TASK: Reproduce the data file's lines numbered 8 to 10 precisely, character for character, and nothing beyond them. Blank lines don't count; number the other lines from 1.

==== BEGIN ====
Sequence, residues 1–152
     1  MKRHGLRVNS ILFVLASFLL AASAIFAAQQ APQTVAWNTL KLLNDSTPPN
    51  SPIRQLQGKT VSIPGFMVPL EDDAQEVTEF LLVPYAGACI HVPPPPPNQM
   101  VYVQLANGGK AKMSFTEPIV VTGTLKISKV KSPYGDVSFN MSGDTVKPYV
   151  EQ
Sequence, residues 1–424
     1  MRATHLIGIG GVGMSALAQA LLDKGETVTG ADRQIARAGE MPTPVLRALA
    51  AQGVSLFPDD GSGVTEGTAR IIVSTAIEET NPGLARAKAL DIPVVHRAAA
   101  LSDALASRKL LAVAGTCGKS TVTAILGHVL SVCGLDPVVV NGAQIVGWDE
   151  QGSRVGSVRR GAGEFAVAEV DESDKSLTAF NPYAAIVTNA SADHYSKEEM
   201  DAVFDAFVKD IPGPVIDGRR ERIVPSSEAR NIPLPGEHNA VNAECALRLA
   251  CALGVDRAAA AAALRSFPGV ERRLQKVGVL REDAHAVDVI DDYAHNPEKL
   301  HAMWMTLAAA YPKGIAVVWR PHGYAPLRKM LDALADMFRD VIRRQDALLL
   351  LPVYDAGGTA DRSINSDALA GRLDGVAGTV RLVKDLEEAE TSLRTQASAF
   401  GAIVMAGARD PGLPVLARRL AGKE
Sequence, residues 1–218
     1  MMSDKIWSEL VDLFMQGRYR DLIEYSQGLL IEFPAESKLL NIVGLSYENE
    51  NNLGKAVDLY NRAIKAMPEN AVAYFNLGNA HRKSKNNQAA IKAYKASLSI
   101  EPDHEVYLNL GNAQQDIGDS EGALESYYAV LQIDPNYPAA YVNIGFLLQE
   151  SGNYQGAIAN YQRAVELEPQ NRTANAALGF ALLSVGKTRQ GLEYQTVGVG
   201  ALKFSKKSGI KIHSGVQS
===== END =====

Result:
    51  AQGVSLFPDD GSGVTEGTAR IIVSTAIEET NPGLARAKAL DIPVVHRAAA
   101  LSDALASRKL LAVAGTCGKS TVTAILGHVL SVCGLDPVVV NGAQIVGWDE
   151  QGSRVGSVRR GAGEFAVAEV DESDKSLTAF NPYAAIVTNA SADHYSKEEM